E. g., Zenith Radio Corp. v. Hazeltine Research, Inc., 1969, 395 U.S. 100, 89 S. Ct. 1562, 23 L. Ed. 2d 129; Continental Ore v. Union Carbide & Carbon Co., 1962, 370 U.S. 690, 82 S. Ct. 1404, 8 L. Ed. 2d 777; Klor's, Inc. v. Broadway Hale Stores, Inc., 1959, 359 U.S. 207, 79 S. Ct. 705, 3 L. Ed. 2d 741; Mandeville Island Farms v. American Crystal Co., 1948, 334 U.S. 219, 68 S. Ct. 996, 92 L. Ed. 1328. The cases cited by the appellants, with the exception of Mandeville Island Farms, were cases involving monopolization or exclusionary practices, not price-fixing. None involved passing-on theories of damage
Indeed, many of the allegations strongly suggest that all the non-defendant co-conspirators adverted to in the complaints are food retailers. Paragraph 34 of the MPIA Amended and Substituted Complaint, for example, states in part:
b. Specifications have been established by the defendant retail food chains and other co-conspirators for the beef they buy. In most instances, the specifications for beef carcasses or parts thereof have varied . . . thus eliminating competition between and among the defendants and other co-conspirators.
c. The defendant food chains and other co-conspirators have allocated retail marketing areas . . . .
d. The defendant food chains and other co-conspirators have agreed not to compete with one another on a price basis in purchasing beef at wholesale . . . .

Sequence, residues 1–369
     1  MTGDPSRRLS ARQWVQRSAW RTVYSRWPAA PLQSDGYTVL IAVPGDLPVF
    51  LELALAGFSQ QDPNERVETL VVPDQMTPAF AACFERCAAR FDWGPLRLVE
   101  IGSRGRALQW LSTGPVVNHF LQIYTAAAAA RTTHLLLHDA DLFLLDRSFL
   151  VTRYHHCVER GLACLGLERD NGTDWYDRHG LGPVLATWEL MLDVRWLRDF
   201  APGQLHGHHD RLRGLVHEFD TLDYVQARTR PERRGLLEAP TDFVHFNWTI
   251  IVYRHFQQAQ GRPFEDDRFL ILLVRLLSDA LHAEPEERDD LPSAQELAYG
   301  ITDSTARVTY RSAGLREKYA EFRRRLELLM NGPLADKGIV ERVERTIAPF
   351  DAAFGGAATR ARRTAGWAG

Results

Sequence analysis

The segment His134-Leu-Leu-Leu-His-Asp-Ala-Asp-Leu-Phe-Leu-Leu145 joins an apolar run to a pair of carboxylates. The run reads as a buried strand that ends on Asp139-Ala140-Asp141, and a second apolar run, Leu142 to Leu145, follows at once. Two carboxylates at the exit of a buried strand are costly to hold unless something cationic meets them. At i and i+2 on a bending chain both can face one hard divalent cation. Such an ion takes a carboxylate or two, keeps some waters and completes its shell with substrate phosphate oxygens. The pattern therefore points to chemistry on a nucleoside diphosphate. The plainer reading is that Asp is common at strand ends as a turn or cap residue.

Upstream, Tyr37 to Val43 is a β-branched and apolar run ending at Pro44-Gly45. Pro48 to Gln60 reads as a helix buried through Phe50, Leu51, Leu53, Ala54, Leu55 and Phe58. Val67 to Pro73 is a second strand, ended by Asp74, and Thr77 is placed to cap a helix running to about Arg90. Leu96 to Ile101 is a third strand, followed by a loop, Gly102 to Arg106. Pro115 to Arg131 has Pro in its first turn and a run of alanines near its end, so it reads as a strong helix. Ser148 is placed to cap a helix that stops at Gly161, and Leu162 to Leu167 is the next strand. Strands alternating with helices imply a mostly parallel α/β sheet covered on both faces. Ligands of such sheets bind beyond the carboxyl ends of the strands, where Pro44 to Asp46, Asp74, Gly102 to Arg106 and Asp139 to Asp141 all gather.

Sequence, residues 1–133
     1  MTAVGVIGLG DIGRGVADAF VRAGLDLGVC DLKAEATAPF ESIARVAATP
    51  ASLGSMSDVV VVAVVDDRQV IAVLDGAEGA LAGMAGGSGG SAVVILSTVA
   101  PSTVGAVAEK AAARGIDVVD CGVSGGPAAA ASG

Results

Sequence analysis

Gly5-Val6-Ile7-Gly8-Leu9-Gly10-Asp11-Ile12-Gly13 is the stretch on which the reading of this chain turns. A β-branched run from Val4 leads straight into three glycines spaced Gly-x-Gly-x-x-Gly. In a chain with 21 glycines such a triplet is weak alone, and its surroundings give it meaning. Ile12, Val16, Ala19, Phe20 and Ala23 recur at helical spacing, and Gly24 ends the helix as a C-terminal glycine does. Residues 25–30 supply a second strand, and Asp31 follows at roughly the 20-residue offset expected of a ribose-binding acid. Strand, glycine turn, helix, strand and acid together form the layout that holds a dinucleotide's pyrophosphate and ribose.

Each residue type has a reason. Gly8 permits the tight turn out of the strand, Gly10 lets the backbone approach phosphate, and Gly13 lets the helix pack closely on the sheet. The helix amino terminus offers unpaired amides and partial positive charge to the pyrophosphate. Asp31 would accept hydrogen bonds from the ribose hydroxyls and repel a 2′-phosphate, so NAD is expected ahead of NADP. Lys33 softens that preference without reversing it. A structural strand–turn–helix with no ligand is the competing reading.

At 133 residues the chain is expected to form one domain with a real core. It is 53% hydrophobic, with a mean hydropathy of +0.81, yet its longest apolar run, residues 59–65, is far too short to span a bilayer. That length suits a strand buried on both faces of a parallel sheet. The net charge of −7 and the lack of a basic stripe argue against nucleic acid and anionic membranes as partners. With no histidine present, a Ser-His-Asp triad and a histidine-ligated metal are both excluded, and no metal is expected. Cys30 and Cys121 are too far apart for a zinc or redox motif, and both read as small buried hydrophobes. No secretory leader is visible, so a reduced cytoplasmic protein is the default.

e. . . . Through uniform entry into the wholesale beef market or uniform withdrawal from the wholesale beef market, the defendant food chains and other co-conspirators have combined to monopolize to affect the demand for beef products and artificially depress the wholesale price of beef products to an unreasonably low level, which level is directly reflected by the Yellow Sheet price and the 'Safeway price,' and which prices are directly passed on to the beef producer.
"Another situation in which market losses have been superseded and the pass-on defense might be permitted is where the direct purchaser is owned or controlled by its customer. Cf. Perkins v. Standard Oil Co., 395 U.S. 642, 648, 89 S. Ct. 1871, 1874, 23 L. Ed. 2d 599 (1969); In re Western Liquid Asphalt Cases, 487 F.2d 191, (at) 197, 199." But "reliance upon direct purchasers to bring suit is wholly unjustified when they are controlled by the prospective defendants". The Supreme Court, 1976, 91 Harv. L. Rev. 70, 230 (1977)
That paragraph states: